(NB: Please do bear in mind that this is a contribution exclusive to DIE ZEIT with (c), so if you want to quote from it, please make that clear - and/or contact us, especially if you work for a professional media organization.)

"Whistleblowers are elected by circumstance: they are a product of wrongdoing, rather than the source of it. After all, Ellsberg didn't engineer the invasion of Vietnam, and I didn't authorize the wiretapping of so many innocent Germans and then conceal it from the public. We were witnesses to injustice. The furious response of embarrassed governments to whistleblowers often conceals this simple truth: it is not the revelation of wrongdoing that is responsible for the backlash, but the wrongdoing itself.

"I believe that exceptionally serious matters -- such as the massive, indiscriminate national surveillance programs sweeping the world today -- must be debated and decided in the light of day. People cannot consent to programs and policies about which they were never consulted.  Real democracy requires that citizens be partner to government, rather than merely subject to it."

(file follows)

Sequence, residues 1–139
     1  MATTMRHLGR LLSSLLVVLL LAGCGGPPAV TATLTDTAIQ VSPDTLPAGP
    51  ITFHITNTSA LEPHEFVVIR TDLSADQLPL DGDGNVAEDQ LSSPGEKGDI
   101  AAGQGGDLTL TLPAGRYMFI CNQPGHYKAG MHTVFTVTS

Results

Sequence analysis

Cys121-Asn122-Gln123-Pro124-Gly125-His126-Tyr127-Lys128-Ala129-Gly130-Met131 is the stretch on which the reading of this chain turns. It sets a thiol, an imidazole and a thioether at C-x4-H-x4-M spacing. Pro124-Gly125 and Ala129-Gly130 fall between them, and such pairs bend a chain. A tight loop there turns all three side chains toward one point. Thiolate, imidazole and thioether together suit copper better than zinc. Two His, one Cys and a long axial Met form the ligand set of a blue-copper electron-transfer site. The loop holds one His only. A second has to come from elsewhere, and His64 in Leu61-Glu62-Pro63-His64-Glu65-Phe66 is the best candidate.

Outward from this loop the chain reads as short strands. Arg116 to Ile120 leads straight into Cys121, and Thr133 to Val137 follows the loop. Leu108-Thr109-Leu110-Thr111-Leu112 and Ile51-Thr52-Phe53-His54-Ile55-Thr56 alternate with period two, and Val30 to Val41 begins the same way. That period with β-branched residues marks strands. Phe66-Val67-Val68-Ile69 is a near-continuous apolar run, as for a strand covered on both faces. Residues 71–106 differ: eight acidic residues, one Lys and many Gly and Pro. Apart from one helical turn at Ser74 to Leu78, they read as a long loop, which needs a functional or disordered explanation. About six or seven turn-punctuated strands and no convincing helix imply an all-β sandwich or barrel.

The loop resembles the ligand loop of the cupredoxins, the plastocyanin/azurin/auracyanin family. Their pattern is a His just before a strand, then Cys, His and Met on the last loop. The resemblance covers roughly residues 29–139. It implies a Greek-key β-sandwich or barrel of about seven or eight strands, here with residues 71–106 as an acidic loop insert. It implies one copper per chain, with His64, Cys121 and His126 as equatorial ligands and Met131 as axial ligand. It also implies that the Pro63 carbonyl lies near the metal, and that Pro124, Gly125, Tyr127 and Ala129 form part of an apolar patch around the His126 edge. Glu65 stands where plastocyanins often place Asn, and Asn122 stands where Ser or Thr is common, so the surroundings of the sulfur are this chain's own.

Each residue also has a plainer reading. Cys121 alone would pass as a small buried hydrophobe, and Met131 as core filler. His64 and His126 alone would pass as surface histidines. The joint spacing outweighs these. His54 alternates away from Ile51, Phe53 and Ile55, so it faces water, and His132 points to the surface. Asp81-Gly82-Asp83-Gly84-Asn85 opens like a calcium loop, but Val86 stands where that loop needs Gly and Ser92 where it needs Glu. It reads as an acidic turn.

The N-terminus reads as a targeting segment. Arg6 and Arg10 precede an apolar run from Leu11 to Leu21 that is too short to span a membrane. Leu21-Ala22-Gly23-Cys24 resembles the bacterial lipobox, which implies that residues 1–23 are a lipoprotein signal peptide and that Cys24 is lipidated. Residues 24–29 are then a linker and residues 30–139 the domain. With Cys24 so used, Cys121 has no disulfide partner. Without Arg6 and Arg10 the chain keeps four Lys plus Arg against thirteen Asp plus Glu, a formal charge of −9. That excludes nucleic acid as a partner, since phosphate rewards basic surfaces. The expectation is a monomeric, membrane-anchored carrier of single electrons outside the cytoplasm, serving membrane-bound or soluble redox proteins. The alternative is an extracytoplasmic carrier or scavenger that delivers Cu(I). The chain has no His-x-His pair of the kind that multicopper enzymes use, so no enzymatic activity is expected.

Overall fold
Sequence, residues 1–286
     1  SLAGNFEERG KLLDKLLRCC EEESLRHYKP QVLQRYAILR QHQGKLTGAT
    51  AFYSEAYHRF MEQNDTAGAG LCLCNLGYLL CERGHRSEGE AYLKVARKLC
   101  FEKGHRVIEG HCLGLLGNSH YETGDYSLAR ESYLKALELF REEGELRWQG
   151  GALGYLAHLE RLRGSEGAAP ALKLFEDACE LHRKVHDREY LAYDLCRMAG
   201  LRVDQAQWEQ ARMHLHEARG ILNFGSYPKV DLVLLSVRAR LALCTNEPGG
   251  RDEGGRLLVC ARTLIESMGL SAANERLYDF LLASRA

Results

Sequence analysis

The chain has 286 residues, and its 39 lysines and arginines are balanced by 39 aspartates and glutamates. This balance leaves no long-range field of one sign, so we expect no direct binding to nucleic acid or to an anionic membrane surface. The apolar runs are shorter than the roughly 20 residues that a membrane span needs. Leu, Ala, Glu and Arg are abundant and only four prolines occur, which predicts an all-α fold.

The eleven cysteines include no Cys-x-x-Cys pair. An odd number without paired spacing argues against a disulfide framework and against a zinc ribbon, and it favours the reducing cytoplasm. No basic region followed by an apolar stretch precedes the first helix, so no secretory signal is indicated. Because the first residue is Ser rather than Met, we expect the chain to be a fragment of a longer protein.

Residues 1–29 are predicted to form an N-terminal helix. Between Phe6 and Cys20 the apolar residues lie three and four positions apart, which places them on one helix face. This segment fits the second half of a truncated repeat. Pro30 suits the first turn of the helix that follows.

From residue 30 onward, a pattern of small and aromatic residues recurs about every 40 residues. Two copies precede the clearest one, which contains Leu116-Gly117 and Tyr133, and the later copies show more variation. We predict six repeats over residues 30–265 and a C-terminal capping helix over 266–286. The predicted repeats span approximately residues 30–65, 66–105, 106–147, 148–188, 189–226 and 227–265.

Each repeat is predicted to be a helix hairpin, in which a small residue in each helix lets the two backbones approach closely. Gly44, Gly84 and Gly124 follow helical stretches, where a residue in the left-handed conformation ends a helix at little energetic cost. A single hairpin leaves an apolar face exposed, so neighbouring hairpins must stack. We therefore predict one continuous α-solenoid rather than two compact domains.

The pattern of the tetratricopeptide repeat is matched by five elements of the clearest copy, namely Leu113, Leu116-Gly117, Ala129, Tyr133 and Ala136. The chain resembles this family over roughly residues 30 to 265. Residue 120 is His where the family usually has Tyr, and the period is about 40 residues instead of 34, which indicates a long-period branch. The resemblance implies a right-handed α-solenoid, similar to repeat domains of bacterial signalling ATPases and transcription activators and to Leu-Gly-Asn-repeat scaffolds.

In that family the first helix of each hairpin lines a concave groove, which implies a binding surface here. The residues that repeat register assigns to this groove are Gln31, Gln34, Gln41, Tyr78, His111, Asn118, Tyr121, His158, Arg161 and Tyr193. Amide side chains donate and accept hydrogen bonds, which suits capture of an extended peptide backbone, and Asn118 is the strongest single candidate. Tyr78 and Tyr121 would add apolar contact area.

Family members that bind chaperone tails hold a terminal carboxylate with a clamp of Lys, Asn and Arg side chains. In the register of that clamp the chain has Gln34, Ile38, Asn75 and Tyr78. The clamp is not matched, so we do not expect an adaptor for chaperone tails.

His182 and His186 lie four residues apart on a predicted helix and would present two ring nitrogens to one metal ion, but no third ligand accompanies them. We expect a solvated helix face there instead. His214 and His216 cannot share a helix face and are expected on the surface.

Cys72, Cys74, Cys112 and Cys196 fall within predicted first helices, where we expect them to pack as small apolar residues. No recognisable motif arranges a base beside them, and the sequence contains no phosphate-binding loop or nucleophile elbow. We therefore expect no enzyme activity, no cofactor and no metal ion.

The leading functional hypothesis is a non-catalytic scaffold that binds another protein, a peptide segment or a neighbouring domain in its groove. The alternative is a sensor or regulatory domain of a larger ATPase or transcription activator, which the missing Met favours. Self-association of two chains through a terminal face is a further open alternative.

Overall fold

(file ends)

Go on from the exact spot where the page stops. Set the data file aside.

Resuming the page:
Another German Jihadist Killed by Drone

January 14th - In February 2012, a German Jihadist by the name of Patrick N. was killed by a drone in Waziristan according to a two-part audio message issued by the Islamic Movement of Uzbekistan (IMU). The news was first reported on Sunday; I have now had a chance to take a look at the message and to speak to a few people about it.

First of all, there is little reason to dispute the basic facts presented by German IMU member and unofficial spokesman "Abu Adam". Patrick N. travelled to Pakistan with his wife and two children in October of 2011. There is older footage in IMU tapes in which he is shown smiling and suggesting that other German Muslims follow his example. He says he was about to depart for training camp next, so this footage seems to have been recorded fairly early after his arrival. Three months later he was dead. According to "Abu Adam", he was killed in a drone strike that, he maintains, killed ten other people from different nations alongside Patrick N.

According to the IMU message N. grew up in a children's home after the death of his mother and his grandparents. He is said to have converted in Islam at the age of 14 in 2001.

N. would be the 5th German drone victim so far.

By now it also transpired that N. was arrested briefly by the German police (and let go without any charges) very shortly before he left for Pakistan.

What remains unclear at this time is who else was killed in said drone strike and what, if any, "high value targets" were among those targeted. Patrick N. is unlikely to have been such a HVT, firstly given his arrival only three months prior and secondly given the IMU's assurances that he never took part in any actual fighting.